On the last day of this year's Supreme Court term, the court handed down Glossip v. Gloss, ruling 5-4 that Oklahoma's death penalty protocols were constitutional, despite the significant risk that the state's experimental lethal injection procedures would result in death by torture.
Glossip is likely to be remembered for more than the specific holding of the case, however. In addition to Justice Sonia Sotomayor's dissent taking apart the majority's logic on the narrow issue at stake, Justice Stephen Breyer, joined by Justice Ruth Bader Ginsburg, in a separate dissent concluded: "I believe it highly likely that the death penalty violates the Eighth Amendment." Breyer's dissent is important, leading some to even conclude that the Supreme Court might actually rule that way in the near future. But this probably won't happen unless a Democratic president replaces one of the Republican-appointed justices on the court, which is another reason the Supreme Court will be a top issue in the 2016 presidential race.
A majority of the Supreme Court has never held that the death penalty is categorically unconstitutional — indeed, there have never been more than two justices at any one time who supported this view. In the 1972 case Furman v. Georgia, the Supreme Court suspended executions, but three of the five justices in the majority held that the death penalty would be constitutional if applied fairly. Only two justices — William Brennan and Thurgood Marshall — held that the death penalty was always unconstitutional, a position they held for the rest of their tenures.
Two other justices, Harry Blackmun and John Paul Stevens, wrote opinions shortly before their retirement suggesting that the death penalty might be unconstitutional. But otherwise every justice has supported the compromise the court reached in 1976: The death penalty is constitutional if applied in a more fair and rational manner.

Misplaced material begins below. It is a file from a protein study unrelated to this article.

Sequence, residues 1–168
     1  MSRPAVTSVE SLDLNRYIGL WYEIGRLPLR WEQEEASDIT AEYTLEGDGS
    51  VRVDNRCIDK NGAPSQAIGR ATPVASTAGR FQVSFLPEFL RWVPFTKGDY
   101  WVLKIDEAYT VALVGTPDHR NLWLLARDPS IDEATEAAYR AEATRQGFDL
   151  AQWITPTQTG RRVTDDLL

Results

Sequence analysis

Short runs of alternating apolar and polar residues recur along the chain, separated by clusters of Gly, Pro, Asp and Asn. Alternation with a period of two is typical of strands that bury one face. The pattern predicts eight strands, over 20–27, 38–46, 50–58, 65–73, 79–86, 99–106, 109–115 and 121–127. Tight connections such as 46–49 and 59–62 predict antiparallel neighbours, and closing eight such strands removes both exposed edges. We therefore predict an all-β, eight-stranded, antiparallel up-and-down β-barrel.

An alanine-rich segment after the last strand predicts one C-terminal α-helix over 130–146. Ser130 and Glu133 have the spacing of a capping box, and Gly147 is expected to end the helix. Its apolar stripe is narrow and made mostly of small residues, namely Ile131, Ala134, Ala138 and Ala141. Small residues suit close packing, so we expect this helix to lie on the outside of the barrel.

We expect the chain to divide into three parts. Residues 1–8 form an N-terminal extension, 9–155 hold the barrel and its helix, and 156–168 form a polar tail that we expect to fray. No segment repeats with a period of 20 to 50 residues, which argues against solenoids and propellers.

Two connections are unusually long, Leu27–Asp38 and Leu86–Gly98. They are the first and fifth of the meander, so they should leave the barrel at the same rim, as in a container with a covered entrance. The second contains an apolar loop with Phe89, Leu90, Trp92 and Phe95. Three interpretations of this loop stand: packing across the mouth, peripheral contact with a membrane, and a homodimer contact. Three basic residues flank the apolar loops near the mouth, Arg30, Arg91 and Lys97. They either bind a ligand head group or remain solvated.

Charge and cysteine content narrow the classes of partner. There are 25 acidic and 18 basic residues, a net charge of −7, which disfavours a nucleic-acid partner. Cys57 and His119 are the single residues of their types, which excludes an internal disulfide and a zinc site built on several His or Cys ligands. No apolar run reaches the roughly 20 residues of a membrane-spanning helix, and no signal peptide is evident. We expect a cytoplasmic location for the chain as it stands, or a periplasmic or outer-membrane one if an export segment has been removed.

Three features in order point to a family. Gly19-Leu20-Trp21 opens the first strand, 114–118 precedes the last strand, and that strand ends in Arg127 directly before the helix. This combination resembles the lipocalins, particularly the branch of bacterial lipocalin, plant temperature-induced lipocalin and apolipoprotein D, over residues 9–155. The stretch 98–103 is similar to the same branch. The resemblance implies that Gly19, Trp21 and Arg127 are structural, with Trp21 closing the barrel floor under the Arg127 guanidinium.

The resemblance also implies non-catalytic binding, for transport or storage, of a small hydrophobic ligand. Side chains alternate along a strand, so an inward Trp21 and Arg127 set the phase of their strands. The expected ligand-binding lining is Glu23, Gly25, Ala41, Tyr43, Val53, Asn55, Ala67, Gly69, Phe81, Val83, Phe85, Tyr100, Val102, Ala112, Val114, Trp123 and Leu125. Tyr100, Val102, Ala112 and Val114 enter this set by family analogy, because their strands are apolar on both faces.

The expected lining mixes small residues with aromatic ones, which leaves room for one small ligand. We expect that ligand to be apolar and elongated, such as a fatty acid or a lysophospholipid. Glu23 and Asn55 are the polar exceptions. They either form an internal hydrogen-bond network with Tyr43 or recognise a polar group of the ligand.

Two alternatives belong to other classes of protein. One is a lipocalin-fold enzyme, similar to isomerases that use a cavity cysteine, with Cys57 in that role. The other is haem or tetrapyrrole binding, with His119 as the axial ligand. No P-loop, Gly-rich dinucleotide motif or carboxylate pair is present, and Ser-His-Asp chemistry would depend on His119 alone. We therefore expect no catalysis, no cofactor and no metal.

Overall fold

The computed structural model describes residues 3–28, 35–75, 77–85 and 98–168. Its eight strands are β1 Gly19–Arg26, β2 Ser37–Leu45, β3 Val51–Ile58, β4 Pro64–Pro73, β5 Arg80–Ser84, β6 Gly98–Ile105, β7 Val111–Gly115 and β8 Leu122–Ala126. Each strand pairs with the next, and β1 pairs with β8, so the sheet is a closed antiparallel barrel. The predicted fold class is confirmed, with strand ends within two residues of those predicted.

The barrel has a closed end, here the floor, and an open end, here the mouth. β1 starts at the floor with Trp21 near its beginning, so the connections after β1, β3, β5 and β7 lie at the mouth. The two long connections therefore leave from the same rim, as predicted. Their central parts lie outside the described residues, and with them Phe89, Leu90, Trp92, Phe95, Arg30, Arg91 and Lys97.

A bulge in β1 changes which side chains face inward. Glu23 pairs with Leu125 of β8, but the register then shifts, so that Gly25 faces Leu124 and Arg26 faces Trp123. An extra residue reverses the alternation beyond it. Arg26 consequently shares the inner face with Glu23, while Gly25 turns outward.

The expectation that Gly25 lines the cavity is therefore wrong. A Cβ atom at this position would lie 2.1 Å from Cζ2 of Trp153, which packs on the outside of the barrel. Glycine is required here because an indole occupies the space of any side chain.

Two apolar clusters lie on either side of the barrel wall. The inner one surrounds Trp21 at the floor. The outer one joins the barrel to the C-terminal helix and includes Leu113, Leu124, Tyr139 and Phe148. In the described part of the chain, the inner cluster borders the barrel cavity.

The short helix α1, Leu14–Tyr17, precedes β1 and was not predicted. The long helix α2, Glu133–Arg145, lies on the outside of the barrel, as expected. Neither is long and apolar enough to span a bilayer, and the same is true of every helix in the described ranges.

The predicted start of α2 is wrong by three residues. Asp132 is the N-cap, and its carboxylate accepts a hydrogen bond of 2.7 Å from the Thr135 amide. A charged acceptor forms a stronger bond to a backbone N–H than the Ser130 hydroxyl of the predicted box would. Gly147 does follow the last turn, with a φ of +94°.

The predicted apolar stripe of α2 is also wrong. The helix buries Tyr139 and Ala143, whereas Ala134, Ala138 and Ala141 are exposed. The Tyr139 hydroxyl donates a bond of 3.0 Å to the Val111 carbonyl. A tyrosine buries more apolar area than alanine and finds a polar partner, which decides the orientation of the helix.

It is possible that Breyer's opinion will be seen as a fraying of this compromise and a crucial step towards a ruling that the death penalty is unconstitutional. But if so, it is likely to be a process that plays out over a fairly long period.
At Slate, Robert J. Smith gives the most optimistic reading of Breyer's dissent from the perspective of death penalty opponents, suggesting that there might be five votes on the current court to abolish the death penalty.
His argument is superficially persuasive. Justice Anthony Kennedy has been the swing vote to hold the death penalty unconstitutional for some offenses and offenders: those with mental disabilities, felons under 18, and people convicted of the sexual assault of children. It's true , Smith acknowledges, that this collectively represents a small fraction of people sentenced to death. But on gay and lesbian rights, Kennedy started out by authoring some modest, incremental opinions — such as those striking down rarely enforced anti-sodomy laws — and proceeded to a landmark opinion creating a national right to same-sex marriage. Particularly with public opinion trending against the death penalty, why wouldn't Kennedy write the death penalty equivalent of Obergefell v. Hodges?